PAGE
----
What is the purpose of the Student Government Association?
A) To provide a constructive line of communication between students B) To foster student involvement in all campus activities C) To enhance the educational, social and cultural experience of all students or is it D) to provide an environment conducive to the education of all Fort Hays State University students?
The correct answer: all of the above, according to SGA’s constitution.
Yet, Lines Journal, a 22-year-old, student-run literary and arts publication geared to showcase student talent, fell through the financial gaps as it did on Feb. 1 when SGA President Tyler Thompson denied its waiver request for allocations funding, disregarding those four purposes of SGA in a single swoop.
Nevertheless, the reasoning was simple: allocations funding is meant for student organizations; as printed in the SGA Constitution, waiver requests must only be granted to organizations “that are deemed vital to the development of students or essential for Fort Hays … to function properly.”
Lines is technically not a student organization.
However, it has been operating without approval by the Student Organization Committee for years, and despite that, Lines has received funds through the allocations committee without denial in recent memory.
In fact, Lines has never written “seek SOC approval” in its training handbook for new editors.
While this does not exempt them from rules, an organization can’t be expected to fully understand and strictly adhere to policies if they have never heard them explicitly stated or seen them consistently enforced.
Thompson decided this year that Lines would no longer be able to continue requesting funds without SOC approval.
There was only one problem with that. When first-year adviser Brett Weaver and first-year editor Jessi Bittel took over this fall, no one told them about it.
Thompson said he had extensive email contact during the fall semester describing the process with both the editor and former adviser Amy Cummins, who has been an assistant professor at the University of Texas Pan-American since the end of last year.
The current adviser, Weaver, said he was never contacted, even though he says he knows Thompson was given his email address.
Bittel, who took over as editor in November after the previous one quit, said she also had no contact with any SGA members regarding any changes in Lines allocations’ process.
Without any preemptive notification by SGA, Bittel, who had no experience with allocations prior to this year, followed the Lines’ handbook on how to be editor and got her preliminary allocations’ budget in by the deadline in mid-December.
Bittel said she didn’t learn about any changes with requirements for Lines’ request until after she received the Allocations Committee’s responses to her budget, saying she needed to either have English Club or Sigma Tau Delta, the English honor society, absorb Lines and ask for allocations’ money for the publication, or she could fill out a waiver form for non-SOC-approved organizations.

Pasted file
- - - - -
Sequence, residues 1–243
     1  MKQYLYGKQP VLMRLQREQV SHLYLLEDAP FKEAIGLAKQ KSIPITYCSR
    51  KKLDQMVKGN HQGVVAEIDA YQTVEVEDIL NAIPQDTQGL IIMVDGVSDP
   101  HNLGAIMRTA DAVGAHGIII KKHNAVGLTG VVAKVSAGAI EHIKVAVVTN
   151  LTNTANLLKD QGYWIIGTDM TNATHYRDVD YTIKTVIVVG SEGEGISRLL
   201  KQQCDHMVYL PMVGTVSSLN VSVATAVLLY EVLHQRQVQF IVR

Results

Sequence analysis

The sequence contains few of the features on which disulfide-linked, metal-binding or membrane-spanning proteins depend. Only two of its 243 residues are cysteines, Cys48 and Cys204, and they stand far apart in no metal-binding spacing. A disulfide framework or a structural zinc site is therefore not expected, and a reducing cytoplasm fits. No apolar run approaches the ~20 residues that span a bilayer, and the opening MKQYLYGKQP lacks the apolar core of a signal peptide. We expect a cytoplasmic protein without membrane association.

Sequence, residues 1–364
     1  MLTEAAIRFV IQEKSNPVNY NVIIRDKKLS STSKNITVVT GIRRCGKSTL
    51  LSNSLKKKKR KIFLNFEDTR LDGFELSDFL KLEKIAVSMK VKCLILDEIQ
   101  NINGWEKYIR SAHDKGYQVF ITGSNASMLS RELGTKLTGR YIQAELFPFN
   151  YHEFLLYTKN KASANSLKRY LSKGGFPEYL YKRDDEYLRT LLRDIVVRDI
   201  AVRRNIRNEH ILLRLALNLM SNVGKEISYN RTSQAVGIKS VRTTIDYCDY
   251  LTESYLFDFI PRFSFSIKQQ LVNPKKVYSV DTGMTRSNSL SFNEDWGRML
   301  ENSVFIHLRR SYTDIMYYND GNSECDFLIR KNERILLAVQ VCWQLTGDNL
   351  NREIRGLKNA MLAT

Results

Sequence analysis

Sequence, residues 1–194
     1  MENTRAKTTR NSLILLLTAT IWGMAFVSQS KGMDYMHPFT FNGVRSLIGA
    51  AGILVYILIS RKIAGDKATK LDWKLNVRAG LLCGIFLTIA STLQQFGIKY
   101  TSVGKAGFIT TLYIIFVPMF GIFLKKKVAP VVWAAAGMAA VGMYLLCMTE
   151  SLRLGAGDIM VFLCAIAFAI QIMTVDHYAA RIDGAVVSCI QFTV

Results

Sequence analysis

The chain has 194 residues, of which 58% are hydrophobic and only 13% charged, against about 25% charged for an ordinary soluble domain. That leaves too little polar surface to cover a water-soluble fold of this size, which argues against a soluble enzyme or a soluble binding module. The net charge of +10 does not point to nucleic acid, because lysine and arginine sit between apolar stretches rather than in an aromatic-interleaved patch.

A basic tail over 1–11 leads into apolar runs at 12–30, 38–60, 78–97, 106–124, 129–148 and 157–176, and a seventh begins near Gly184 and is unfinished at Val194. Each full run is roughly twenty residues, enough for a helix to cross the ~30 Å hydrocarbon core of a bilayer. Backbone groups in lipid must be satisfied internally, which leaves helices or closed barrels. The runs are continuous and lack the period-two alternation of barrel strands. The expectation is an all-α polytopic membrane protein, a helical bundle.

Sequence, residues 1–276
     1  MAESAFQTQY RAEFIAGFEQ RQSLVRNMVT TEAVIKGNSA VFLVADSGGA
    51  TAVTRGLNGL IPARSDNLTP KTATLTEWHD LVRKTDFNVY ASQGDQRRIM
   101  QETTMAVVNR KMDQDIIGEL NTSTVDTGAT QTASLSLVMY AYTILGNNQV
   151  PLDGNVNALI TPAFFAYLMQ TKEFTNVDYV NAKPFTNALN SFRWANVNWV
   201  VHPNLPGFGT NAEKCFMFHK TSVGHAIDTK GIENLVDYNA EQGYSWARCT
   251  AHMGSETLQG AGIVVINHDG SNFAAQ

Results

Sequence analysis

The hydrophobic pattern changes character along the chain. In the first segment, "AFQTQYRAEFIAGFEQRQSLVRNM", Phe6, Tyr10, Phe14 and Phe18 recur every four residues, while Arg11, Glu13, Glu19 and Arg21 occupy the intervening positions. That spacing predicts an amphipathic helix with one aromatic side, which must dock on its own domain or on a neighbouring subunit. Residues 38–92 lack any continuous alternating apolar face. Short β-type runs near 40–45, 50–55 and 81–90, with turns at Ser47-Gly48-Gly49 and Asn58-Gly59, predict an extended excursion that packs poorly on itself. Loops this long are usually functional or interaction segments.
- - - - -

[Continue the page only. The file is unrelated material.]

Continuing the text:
In that response, there was no suggestion for Lines to file as its own organization, and even if she had been informed of that, it would have been too late to do so.
Knowing Lines was a separate entity from English Club and Sigma Tau Delta, Bittel figured her only possible path was to fill out a waiver form requesting funds.
“I was under the impression that was the only route I had,” Bittel said.
Believing she had followed the steps correctly, she expected eventual approval, so she was surprised when Thompson denied her request.
Though he is right, Lines is technically not a student organization, it does not appear SGA facilitated communication between the executive staff, students and faculty as expressed as a purpose in the constitution as well as they should have.
On the second point describing the purpose of waivers, there is no argument that Lines is “essential for Fort Hays to function properly.” It isn’t. Fort Hays could survive without it.
However, where Thompson says Lines is not “vital to the development of students” is a bit of a misconception.
Thompson’s definition of vital is much narrower than past student body presidents.
In fact, after speaking with former 2008-2009 President Tyler Hughes, he said he couldn’t think of an instance where he would summarily deny a longstanding organization’s waiver request. He thought all of the power should not be in the hands of the executive branch to determine what organizations are deemed worthy to request money from the allocations committee.
Numerous other organizations have been approved through waivers in the past.
In recent years, the American Democracy Project has repeatedly had its waiver request approved as well as Tigers In Service and Tiger Tots.
While all three of those organizations provide worthwhile and helpful services to the university, they aren’t literally “vital” to the development of students.
Students could find alternative measures to do all of those things, such as getting engaged in local politics or joining one of the several political student organizations, volunteering at local churches and community buildings and finding a local daycare.
However, Thompson has raised no concerns about those other organizations publicly in the past and classifies them as vital, believing Lines is not.
In addition, Thompson only uses his narrow view of the constitution on rules that applies to organizations other than his own.
When SGA breaches a rule, he treats the constitution as if it is more dynamic.
For example, the constitution states that the website should be updated “weekly with current legislation and minutes,” and “senator and executive staff members’ email addresses, biographies, and other contact information” should be updated.
None of that information has been updated, and several senators are not listed on the SGA roster.
The minutes also appear to have not been published online in two years.
However, there have been no self-inflicted punishments for this constitutional rule bending.
Lines’ request would not break the bank. The requested $1,408 was by far the lowest requested amount of all the organizations this year, having decreased from last year’s request.
By denying the request, SGA is summarily denying the opportunity for fee-paying students to submit their creative work to be published on campus in one of the only two remaining student publications.